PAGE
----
These schemes have pros and cons. The obvious pro is that larger numbers of people will see your work than if is stuck under a bed, in a dark closet or in an expensive storage unit. You could save money and even find new clients. There could be a possibility that when you want the work back, the fosterer will be willing to pay to keep it. The main con could be that giving away your work might undermine the sales value of the work you are still marketing.

So these options might be best for those artists who are at the end of their career and wondering what will happen to their life’s work, especially if they do not have a knowledgably relative to inherit. Or maybe for artist who are socially conscious and have the funds available to support themselves without sales. 

With thanks to Anne Mudge who told me about art fostering and Jan Phillips who reported on Ruth Westriech who has an art for donation explanation on her website. 

Monday, November 7, 2016

SD Art Prize at Art San Diego 2016

By Patricia Frischer

For Art San Diego Contemporary Art Show
 this year (Nov 3-6) SDVAN is sponsoring INTO THE LIGHT: San Diego Art Prize, curated by the San Diego Mesa Collage Museum Studies Program. The most special section of the booth will focus on the outstanding works of the two emerging 2016 SD Art Prize winners William Feeney  and Shinpei Takeda. The collaboration between these organizations is rooted in our mutual interests to promote artists, exhibit their works, and network with the San Diego community. 
This booth will also feature artwork by San Diego Art Institute members who have been past years nominees for the San Diego Art Prize.
Claudia Cano, Andrea Chung, Beliz Iristay, Margaret Noble, Sasha Koozel Reibstein, Bhavna Mehta, PANCA, Lee Puffer, Aren Skalman, Anna Stump and Joe Yorty. It will highlight artists that have made the transition from their studios to solid representation in the San Diego art scene. There will be an exciting range of affordable work geared to young art collectors that want to support local artists.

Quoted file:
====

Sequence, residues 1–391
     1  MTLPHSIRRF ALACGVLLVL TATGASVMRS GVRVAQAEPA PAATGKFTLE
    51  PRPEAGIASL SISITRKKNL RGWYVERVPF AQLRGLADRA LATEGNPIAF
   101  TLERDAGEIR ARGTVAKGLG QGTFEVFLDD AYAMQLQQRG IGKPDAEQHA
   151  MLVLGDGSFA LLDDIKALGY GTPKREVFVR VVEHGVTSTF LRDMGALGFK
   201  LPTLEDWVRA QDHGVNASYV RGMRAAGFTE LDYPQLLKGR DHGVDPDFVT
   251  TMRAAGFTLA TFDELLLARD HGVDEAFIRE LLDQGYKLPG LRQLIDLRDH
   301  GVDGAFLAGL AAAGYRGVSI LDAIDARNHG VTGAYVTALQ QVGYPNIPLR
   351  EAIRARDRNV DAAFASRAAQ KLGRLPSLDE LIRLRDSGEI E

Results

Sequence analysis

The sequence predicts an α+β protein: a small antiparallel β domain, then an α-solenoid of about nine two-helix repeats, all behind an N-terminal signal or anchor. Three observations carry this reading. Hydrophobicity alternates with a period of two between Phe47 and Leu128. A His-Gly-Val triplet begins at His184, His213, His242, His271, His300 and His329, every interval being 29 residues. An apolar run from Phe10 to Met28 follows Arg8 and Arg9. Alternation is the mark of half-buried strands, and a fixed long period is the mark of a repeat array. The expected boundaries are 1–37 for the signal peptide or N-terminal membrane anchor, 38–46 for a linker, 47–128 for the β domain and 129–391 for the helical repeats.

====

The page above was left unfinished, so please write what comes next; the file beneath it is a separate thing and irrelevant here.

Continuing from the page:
Below you will see work from the SD Art Prize exhibition, followed by work from each of the booths at the fair that represented San Diego artists. And finally, you will see a few works I choosen from this international fair. 

SD Art Prize exhibition:

View of the SDVAN SD Art Prize booth at Art San Diego

View of the SDVAN SD Art Prize booth at Art San Diego

Alessandra Moctezuma and her wonderful staff who manned the stand for four filled days

Shinpei Takeda speaking with Chris Fessendon from Artist Odyssey

Shinpei Takeda's wonderful woven tapestry with a reproduction of the sounds waves of a discussion held with a local emigrant

Shinpie Takeda's twelve layers of convicts overlaid with a view of the prison. Very subtle and sensitive, these pieces changes every time you look at it. 

Joe Yorty, Aren Skalman, Margaret Noble and William Feeney

Closer view of Margaret Noble and William Feeney

Anna Stump

Bhavna Mehta


Margaret Noble

Claudia Cano

Lee Puffer

San Diego Artists at Art San Diego

Aida Valencia from Casa Valencia Gallery, SD

Michael  Carini at Carini Arts, SD

Jens Rosen at Empress Contemporary, SD

Jeremy Sicile-Kira at Jeremy's Vision

Anita Lewis at Anita Lewis Art

Walter Redondo at Alexander Salazar Fine Art

Maidy Morhous

David Armstrong at Charles Koll Jewellers

McNabb Martin Contemporary Art

David Fokos at Fine Art Maya

Alex Dikowski  Gallery

Marcos Ramirez Erre for Open Walls Project

Richard Becker at Sparks Gallery

Beliz Iristay at Sergott Contemporary Artist Alliance
Jeffery Laudenslager at Sergott Contemporary Artist Alliance

Cabina Exuro offers the art patrons at ASD a glimpse into the Burning Man culture. An audio recording booth built to document the conversations that will shape the next chapter of humanity, Cabina Exuro is a gift the Burner Podcast crew built for Burning Man in 2016 in order to collect short stories that may be shared on future episodes of Burner Podcast or at

Aaron Chang Ocean Art Gallery

Debbie and Larry Kline

Marie Najero at The Blue Azul Collection

Stefani Byrd Launchpad artist
Barbara Walter at Purely Zen Watercolors

A few more arts works from Art San Diego outside of SD

Eyevan Tumbleweed Found Wood Sculptures

Ivy Rihlampfu at South African Collection

Paul Messink Studio

Alexis Silk

P. Borkovics at Avran Fine Art

P. Borkovics at Avran Fine Art

JP Greenwood